July 06 2012

Designing an Energy Efficient House in Istanbul – Part 2: Tips for the Design

Previously on GSP, we discussed sustainability and climatic conditions in Istanbul, Turkey. In this blog, there will be casual tips on how to design an energy-efficient and environmentally friendly building in cities of Mediterranean climate; such as Istanbul.

Here are 10 useful tips that will make your house a bit more “Green:”

1.   Solar Orientation:

If it was in dark and cold Scandinavia, orienting to south would be the most innermost need for an energy efficient house. However Istanbul gets sun light for eight months out of the year; that makes sun something that we avoid. Therefore orienting a house towards the south is essential only if you make sufficient sun blocking instruments. Facing towards east or north is a good option if you want to have a constantly shaded inner space;

2.   Natural Ventilation:

Cooling buildings in the summer is vital in Istanbul. Designing inner gardens and installing operable windows will create cross ventilation inside spaces;

3.   Prevent Extra Moisture:

Despite the driest days being in August, Istanbul has a humid summer that makes you feel warmer. Building with solid walls or bricks that have air bubbles in its fabric will capture humidity. This will prevent the flow of humidity inside of the building;

4.   Let the Building Breath:

Good insulation in a building is a must to drop heating expenses; however, a building gets airtight when it’s waxed. It is a common grumble in Istanbul that it is airless inside when windows are closed for a while, but during the cold days of winter, open windows are giant heat bridges. So putting point holes on the wall will air wash the interior all day long;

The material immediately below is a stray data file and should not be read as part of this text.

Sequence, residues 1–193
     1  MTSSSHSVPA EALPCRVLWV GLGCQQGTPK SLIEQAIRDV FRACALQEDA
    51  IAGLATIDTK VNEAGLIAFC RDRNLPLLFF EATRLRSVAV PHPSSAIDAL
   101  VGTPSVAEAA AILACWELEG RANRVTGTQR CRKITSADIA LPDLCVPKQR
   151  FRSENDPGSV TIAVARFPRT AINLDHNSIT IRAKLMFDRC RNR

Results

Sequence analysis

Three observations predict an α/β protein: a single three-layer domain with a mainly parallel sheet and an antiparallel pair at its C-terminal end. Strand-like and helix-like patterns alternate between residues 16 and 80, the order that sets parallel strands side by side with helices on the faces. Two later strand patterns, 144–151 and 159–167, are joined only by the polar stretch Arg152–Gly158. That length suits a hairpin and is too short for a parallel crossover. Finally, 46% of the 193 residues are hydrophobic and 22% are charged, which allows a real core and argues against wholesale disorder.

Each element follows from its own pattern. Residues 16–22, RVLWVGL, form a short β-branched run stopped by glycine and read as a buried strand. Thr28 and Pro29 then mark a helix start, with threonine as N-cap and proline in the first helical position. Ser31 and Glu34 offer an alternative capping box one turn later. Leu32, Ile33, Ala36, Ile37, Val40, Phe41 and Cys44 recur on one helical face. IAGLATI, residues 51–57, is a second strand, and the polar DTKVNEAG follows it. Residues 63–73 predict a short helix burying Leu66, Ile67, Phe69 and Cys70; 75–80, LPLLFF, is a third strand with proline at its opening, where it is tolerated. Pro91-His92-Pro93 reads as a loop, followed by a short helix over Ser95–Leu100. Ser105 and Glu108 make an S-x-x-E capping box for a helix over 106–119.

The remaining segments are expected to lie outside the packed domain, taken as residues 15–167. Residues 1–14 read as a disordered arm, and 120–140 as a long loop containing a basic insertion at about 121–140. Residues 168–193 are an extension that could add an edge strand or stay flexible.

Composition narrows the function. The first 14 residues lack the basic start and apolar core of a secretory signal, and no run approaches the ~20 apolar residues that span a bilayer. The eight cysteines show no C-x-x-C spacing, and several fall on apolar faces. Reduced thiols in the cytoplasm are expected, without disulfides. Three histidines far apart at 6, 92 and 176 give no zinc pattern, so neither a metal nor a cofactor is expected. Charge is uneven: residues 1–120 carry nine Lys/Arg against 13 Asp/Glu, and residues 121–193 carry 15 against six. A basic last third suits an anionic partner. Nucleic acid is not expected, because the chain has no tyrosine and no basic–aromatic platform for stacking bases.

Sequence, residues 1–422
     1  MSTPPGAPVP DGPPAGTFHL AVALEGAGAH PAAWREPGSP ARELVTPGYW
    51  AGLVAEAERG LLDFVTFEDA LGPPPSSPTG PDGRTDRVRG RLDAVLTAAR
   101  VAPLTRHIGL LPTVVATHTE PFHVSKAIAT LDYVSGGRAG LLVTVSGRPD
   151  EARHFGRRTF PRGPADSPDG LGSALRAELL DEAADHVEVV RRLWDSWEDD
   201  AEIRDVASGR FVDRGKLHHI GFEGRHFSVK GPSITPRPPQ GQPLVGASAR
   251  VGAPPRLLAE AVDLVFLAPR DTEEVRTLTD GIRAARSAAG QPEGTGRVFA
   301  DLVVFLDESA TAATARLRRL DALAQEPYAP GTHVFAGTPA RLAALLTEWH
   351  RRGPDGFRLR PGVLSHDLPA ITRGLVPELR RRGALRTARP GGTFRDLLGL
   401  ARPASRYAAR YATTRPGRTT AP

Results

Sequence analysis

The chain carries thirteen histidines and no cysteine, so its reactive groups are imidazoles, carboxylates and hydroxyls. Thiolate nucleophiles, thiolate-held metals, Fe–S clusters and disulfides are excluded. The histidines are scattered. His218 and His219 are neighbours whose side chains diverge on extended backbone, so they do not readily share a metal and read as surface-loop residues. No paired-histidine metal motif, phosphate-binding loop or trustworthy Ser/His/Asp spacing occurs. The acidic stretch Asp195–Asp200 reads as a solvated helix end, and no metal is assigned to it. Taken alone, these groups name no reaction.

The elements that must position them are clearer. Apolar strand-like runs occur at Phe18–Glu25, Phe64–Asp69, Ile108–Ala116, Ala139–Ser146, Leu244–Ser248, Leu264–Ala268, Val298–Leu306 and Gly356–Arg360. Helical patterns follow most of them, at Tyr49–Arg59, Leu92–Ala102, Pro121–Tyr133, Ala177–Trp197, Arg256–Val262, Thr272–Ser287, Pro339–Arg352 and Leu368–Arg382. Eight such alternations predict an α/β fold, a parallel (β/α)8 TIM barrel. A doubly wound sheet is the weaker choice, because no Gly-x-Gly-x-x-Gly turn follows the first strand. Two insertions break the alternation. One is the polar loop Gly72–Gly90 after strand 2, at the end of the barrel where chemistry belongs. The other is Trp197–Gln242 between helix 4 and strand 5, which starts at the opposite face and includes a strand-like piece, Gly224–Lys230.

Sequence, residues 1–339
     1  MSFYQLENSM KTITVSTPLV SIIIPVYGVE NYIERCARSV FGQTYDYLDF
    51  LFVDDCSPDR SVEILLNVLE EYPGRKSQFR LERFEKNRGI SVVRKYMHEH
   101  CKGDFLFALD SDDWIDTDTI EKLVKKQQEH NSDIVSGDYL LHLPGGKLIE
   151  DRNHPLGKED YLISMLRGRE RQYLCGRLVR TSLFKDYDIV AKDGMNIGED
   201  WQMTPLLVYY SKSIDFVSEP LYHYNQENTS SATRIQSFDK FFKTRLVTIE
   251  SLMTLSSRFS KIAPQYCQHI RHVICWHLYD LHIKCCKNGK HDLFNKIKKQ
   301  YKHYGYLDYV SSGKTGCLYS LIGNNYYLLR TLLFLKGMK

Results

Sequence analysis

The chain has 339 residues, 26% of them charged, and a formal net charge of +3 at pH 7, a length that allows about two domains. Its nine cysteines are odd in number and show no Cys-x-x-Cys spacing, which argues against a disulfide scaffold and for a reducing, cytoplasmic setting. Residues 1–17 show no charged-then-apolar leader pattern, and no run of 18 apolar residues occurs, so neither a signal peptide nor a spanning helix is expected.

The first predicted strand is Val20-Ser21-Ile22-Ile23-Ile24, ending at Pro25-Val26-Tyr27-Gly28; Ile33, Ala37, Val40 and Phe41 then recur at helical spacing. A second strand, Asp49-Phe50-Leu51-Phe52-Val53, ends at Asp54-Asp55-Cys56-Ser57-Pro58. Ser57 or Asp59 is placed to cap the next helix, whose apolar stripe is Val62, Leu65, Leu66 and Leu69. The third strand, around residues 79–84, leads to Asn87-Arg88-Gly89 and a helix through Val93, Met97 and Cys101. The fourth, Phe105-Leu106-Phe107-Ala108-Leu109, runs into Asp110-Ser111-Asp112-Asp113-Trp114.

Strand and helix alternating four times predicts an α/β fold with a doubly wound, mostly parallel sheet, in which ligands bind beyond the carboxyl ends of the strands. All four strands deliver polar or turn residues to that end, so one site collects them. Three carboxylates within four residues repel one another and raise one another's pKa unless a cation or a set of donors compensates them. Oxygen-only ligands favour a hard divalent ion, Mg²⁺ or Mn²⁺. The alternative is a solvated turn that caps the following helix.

5.   Use Natural Heat Resources:

Istanbul gets sunlight almost year-around, warming the ground, which becomes a great heat resource. And it is free! Using ground source heating system – either vertically or horizontally- is an efficient and cheap heating system after it covers its initial costs;

6.   Electric from Photovoltaics (PVs):

Direct sun radiation is a blessing in Istanbul! Installing PV panels to produce electricity for household utility use will keep your pocket full and your lights on;

7.   Avoid Dark Surfaces:

Large black facades are simply NOT OKAY in Istanbul! Absorptive materials and dark colours have high Solar Reflectance Index (SRI) value, which causes the buildings to heat-up quickly. In a high density urban fabric, buildings, roads and other dark surfaced infrastructure absorbs heat and turns to heat islands, which causes GLOBAL WARMING. Using reflective and light colored materials will reflect the sunlight and help cool the building and surrounding, passively;

8.   Shade:

Direct sun creates discomfort. Sunshades, overhangs, membrane curtains will break the direct sun radiation. Landscape design with tall trees will provide shaded walkways for street passerbies and animals;

9.   Encourage Recycling:

Providing recycling stations inside buildings will encourage people to separate their garbage. You can also develop a recycling education program for the households; bonus points!

10.   Encourage Biking:

Providing bike roads will encourage people to raise their biking habits. Also less car parking space is a strong reason for people to leave their cars; start biking, and using public transportation.

These 10 tips are some basic ideas to make a sustainable house. What are your suggestions towards a green design?

Credits: Image and data linked to sources.

Nazlı Ödevci

Nazlı Ödevci is a recent graduate of Chalmers University of Technology in Sweden with an M.Sc. in Design for Sustainable Development in Architecture. She holds a B.S. in Architecture from Istanbul Technical University in Istanbul, Turkey. Currently, Nazlı is working as an environmental specialist and LEED Green Associate in design phase of architectural projects in Turkey. She defines herself as a green design oriented urban & architectural intervention practitioner. She is currently residing in Istanbul but has strong connections to Swedish sustainable design practice.

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This entry was posted on Friday, July 6th, 2012 at 8:57 pm and is filed under Architecture, Content, Energy, Environmental Design, Housing, Infrastructure, Land Use, Landscape Architecture. You can follow any responses to this entry through the RSS 2.0 feed. You can leave a response, or trackback from your own site.


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